Chrono Trigger: the first-person shooter? JRPG porn? Celes vs. Terra?
Welcome to the first official Random Encounters Mailbag, an interactive Q&A dedicated to all things JRPG. Last week, I asked you guys to submit interesting questions. You delivered. Oh boy, you delivered.
Remember, you can send questions to email@example.com with the subject "Random Encounters." The following are real questions submitted by real Kotaku readers.
Would you play a JRPG about creating porn? How would you create such a game? What kind of missions would it have?
- Patrick S
As someone who does not have a whole lot of experience making porn, I imagine the hardest part is not the making of the porn, but the preparation behind making the porn. In other words, once you've got 2+ people, a camera, some lightning gear, and whatever gels or liquids you might need, the process is easy: you just point and shoot, maybe switching angles or positions every once in a while just for kicks. The hard part is getting everything together.
So I imagine a porn-themed JRPG wouldn't spend much time dealing with making porn; it'd be all about preparing to make a porn. You'd have to travel to towns far and wide in order to recruit porn stars, Suikoden-style; fight your way through dungeons to collect valuable vibrators and lubrication jelly; and make tough decisions like "should this scene be two women or three?" and "what do we do if someone gets chlamydia?"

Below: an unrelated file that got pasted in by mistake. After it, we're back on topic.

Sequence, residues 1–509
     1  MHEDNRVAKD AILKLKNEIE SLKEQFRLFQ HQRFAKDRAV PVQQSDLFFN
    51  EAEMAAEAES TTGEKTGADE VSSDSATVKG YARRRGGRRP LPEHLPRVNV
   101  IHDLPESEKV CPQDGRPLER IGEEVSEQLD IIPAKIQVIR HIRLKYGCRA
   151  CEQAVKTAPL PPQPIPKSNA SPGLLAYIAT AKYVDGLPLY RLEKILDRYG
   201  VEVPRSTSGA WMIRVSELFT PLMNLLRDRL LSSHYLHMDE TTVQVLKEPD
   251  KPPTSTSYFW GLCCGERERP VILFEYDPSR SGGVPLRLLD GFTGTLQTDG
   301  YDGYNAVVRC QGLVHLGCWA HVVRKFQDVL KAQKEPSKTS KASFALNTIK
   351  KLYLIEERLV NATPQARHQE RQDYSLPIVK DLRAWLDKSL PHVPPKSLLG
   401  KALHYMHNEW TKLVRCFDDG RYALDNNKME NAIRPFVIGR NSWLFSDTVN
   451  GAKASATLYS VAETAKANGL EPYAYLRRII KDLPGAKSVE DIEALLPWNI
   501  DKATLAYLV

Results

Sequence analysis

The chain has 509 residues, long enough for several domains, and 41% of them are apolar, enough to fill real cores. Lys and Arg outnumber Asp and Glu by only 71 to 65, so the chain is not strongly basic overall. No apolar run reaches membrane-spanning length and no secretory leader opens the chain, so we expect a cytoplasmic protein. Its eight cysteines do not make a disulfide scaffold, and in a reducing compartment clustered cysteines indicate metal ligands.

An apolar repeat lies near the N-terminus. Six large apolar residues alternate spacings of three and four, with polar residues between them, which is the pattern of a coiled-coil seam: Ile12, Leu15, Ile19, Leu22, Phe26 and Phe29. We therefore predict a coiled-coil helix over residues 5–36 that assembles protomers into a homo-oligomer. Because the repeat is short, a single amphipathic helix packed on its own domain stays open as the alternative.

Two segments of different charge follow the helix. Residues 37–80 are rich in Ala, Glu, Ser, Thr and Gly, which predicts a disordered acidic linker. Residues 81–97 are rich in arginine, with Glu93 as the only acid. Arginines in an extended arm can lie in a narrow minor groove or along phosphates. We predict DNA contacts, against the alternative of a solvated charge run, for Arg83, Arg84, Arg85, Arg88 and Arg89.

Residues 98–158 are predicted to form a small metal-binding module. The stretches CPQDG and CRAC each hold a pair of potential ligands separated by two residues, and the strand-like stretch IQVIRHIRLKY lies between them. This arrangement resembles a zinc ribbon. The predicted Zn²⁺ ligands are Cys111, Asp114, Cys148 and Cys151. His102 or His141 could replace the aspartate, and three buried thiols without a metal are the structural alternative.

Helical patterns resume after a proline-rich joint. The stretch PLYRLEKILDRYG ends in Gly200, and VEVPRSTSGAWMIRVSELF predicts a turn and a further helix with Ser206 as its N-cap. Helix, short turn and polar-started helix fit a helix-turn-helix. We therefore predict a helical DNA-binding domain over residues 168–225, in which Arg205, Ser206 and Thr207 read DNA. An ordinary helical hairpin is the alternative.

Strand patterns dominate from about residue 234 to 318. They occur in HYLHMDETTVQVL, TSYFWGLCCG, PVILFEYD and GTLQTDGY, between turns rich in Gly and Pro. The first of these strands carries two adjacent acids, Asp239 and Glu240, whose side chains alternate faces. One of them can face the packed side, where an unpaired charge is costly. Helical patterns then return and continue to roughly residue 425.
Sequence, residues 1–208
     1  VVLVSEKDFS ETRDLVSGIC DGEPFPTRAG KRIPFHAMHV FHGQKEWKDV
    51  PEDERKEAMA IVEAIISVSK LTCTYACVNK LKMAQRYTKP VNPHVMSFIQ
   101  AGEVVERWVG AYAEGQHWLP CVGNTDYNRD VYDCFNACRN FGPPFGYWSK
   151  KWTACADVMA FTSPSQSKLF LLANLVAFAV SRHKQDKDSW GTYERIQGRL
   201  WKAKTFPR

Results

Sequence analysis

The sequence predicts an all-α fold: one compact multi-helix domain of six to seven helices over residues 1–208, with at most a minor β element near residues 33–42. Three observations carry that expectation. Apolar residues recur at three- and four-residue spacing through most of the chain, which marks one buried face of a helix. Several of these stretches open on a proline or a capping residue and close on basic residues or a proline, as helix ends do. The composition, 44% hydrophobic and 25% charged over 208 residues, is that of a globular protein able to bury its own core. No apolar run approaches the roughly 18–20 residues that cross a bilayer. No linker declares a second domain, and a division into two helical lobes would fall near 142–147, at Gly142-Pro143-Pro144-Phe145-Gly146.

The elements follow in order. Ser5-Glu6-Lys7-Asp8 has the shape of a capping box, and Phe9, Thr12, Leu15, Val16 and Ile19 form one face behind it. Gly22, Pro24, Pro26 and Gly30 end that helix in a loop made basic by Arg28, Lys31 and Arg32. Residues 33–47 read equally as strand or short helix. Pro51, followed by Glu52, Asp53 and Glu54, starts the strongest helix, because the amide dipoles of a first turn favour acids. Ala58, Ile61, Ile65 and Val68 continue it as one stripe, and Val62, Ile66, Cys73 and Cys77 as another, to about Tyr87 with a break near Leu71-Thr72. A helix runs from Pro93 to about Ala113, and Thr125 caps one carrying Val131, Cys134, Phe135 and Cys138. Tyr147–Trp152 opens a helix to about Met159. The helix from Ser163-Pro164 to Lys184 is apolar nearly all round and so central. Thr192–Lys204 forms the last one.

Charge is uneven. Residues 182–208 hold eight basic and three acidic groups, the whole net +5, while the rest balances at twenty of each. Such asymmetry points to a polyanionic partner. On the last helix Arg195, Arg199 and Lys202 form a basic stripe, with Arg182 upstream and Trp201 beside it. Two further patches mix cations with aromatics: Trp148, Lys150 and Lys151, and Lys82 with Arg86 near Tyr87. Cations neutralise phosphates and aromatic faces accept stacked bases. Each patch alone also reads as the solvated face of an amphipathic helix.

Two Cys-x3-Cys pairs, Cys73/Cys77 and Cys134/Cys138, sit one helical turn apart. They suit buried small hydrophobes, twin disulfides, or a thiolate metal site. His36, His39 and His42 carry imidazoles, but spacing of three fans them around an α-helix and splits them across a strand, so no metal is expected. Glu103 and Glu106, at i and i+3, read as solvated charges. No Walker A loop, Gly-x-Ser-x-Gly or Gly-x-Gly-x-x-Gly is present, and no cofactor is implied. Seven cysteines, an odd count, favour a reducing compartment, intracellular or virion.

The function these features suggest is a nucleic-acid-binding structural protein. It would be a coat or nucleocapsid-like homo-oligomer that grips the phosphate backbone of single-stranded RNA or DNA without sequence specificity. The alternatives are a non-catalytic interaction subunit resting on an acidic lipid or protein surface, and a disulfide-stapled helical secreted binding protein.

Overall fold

Combat would be like Secret of Mana. But instead of a sword you'd use a... okay, let's not worry about that part.
What's your strategy for getting back into a JRPG you've had to stop playing for a while? I once stopped playing Final Fantasy IX and couldn't figure out where to go and I've just had to stop Earthbound for a while due to a move and I don't want it to happen again!
- Curtis S
You have three real options, each with a big downside:
1) Just jump into the game and try to get back into the swing of things. Downside: You might not remember a lot of important details about the gameplay and story.
2) Catch yourself up by watching videos or reading guides online. Downside: You might accidentally read or watch a spoiler.
3) Restart the whole game. Downside: You have to restart the whole game.
I generally find that #3 is the best move, if you have the patience, but I'm also the type of guy who likes to randomly replay old games all the time, because I am crazy.
Celes or Terra. Who are you taking back to the airship after a night at the Nikeah tavern? (We will also accept Mog as an answer).
- Billy W
Celes. Terra is cool and all, but the whole "I'm a crazy half-esper who will suddenly go all pink and fly around the world whenever I'm stressed out" thing is kind of a drag. And Celes knows how to catch a good fish.